6.25.10 – The state of New Hampshire’s planned introduction of online scratch card wagering came to fruition this week with the launch of PlayNowNH interactive games, which go live on July 1.
Players using the new internet service will be able to choose a game – baseball, super slots, speed bingo or New Hampshire poker – and the amount they want to play, reports Associated Press.
Players can buy chances for the $1 baseball game on one ticket or a separate ticket with chances for the $5 poker game. They can buy tickets with total chances per game worth up to $100 and play on their home computers, using a 30-digit access code.
Since the prizes associated with the tickets are determined at sale, players can check at lottery outlets to see if the tickets are winners.
Lottery Commissioner Paul Holloway described the games as similar to scratch tickets. Winners must claim prizes in stores and cannot buy more chances online, he said.
"A lot of people are reluctant to stand in a store and scratch a ticket," he said Thursday.
Maura McCann, commission marketing director, said the idea is to attract younger players who are at least 18 years of age to play the new games on their computers or smart phones, if they have access to the Internet. She said a similar game is offered by the lottery in Canada’s British Columbia province.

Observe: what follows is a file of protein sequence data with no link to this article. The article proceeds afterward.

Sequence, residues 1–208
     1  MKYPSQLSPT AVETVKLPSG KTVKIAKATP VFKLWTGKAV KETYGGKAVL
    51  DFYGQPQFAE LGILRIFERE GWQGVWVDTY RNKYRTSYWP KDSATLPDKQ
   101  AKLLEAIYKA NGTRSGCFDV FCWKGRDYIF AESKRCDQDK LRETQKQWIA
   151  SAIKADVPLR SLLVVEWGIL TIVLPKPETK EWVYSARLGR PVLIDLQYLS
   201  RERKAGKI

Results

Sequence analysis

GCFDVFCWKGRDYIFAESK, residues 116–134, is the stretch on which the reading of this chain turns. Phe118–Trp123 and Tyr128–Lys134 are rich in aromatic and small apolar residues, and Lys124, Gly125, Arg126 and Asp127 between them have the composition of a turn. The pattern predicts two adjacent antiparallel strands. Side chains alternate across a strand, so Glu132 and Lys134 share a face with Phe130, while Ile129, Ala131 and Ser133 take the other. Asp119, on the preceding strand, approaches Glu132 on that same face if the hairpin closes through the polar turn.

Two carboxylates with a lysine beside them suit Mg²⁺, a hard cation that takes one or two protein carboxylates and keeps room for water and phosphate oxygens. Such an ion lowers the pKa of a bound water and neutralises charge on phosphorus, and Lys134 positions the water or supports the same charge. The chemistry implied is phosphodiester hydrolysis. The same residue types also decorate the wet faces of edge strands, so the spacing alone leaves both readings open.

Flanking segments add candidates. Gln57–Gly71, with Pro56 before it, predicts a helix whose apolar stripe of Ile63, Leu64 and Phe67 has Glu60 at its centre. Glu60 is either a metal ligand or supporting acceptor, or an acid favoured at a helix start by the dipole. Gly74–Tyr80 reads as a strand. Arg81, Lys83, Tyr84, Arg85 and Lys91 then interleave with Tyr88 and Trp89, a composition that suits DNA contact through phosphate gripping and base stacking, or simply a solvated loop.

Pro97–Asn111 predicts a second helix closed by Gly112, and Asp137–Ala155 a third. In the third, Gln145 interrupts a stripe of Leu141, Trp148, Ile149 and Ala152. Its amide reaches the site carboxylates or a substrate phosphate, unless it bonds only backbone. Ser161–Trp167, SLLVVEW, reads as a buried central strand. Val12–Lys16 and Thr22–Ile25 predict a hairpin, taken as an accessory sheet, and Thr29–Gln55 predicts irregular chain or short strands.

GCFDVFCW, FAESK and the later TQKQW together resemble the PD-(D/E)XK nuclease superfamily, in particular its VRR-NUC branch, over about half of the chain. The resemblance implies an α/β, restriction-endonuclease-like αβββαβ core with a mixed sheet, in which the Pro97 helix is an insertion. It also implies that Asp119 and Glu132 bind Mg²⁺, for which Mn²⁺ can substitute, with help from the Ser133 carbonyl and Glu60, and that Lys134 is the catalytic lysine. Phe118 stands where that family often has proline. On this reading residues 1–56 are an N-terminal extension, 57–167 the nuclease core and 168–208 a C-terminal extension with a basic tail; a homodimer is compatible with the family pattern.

Colin Manning, spokesman for Governor John Lynch, said the Lottery Commission had announced a year ago that it would investigate new games.
"This is one of their new modernized games," he said.
AP reports that the launch took state lawmakers by surprise, including the sponsor of a bill to legalise video slots that was rejected this month by the House and opposed by Lynch.
Senate Finance Chairman Lou D'Allesandro said he recognises the Lottery Commission is charged by the state to raise money, but said he can't understand why online gambling is being allowed when his bill to legalise video slots was rejected this month.
Commissioner Holloway said he was surprised by the reaction.
"This is just a little quirk. It's not slots," he said.
He was supported by state representative David Hess, a longtime opponent of video slots, who said the interactive game and casino gambling are a "quantum leap" apart.